• Stress: Stress can worsen the symptoms of psoriasis and increase the risk of developing the disease.
  • Infections: Infections with bacteria or viruses (strep throat or candidiasis) can trigger the onset of psoriasis or worsen its symptoms.
  • Skin injuries: skin injuries such as scratches, sunburn, cuts, or insect bites can trigger psoriasis or worsen symptoms.
  • Certain medicines: Certain medicines, such as beta-blockers, lithium, and antimalarial medicines, can cause psoriasis symptoms to appear or worsen.

Other triggers such as smoking, heavy alcohol consumption, cold weather, diet, and allergies can also worsen psoriasis symptoms or cause the disease to flare up again.

Types of psoriasis

There are several types of psoriasis, the most common of which is chronic psoriasis or plaque psoriasis (psoriasis vulgaris). It is a disease in which red, scaly, and itchy plaques appear on the skin, which may cluster together to form large areas. These plaques can be localized on any part of the body, but are most common on the elbows, knees, scalp, and back.

In addition to chronic psoriasis, there are other types of psoriasis, such as:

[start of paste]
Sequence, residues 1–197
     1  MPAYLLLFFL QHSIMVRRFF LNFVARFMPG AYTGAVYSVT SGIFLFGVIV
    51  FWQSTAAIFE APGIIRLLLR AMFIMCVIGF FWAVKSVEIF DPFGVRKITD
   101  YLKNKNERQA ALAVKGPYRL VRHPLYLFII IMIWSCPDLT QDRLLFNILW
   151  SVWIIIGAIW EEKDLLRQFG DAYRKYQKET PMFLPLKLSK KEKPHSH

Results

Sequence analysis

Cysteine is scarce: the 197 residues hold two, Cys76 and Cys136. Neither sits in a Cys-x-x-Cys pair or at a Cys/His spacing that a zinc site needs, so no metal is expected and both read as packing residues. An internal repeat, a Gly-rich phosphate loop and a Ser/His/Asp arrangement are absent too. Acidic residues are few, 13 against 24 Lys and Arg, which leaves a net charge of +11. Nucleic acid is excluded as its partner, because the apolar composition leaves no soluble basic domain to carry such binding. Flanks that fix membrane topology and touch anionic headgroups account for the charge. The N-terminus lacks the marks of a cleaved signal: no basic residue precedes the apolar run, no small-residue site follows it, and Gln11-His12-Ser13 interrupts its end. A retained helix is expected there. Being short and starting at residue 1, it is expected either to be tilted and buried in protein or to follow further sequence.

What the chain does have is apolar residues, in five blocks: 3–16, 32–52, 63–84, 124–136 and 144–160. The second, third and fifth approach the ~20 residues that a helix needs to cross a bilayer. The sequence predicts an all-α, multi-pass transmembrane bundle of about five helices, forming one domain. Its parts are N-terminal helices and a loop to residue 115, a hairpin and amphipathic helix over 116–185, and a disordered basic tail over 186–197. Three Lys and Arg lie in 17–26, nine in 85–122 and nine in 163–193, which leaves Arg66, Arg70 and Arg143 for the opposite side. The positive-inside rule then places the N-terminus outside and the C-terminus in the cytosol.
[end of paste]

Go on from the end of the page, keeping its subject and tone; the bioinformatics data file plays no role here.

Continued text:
1. Droplet psoriasis (psoriasis guttata)

The droplet form is the second most common form of the disease. It is most common in children and is most often manifested as tiny cells on the torso. It often occurs as a result of streptococcal infection. The scaling is less pronounced than in the chronic form and may eventually disappear.

2. Psoriasis inversa (psoriasis inversa)

Psoriasis inversa is a rarer form of psoriasis affecting large skin folds, with inflammatory lesions in the folds of the joints, genital area, buttocks, under the abdomen, under the armpits, and the breasts in women.

The rubbing of one skin surface against another and the moisture content of the skin folds are important factors in the formation. The skin does not peel, shiny plaques form and patients feel itching or burning.

3. Psoriasis pustulosa

 In this form of psoriasis, pustules appear on the skin and are filled with a whitish fluid. Pustular psoriasis mostly affects the palms of the hands and soles of the feet.

4. Psoriasis of the nails (psoriasis unguium)

Psoriasis of the nails is often associated with other forms of psoriasis. It can be recognized by the presence of dot-like indentations in the nails. In some cases, the nail may also be detached from the base or thickened.

5. Erythrodermic psoriasis

This is the most severe form of psoriasis, in which the skin appears distinctly red and covered with scales. Symptoms can be extremely painful and include itching, burning, and dryness of the skin. The patient loses heat, water, and electrolytes in this form of psoriasis, so this type of psoriasis requires hospital treatment.

6. Psoriasis of the scalp

Psoriasis on the scalp appears as red patches that may be covered with scales. These patches can spread over the entire scalp and can also appear on the forehead, neck, and ears. Scratching can cause bleeding and infection.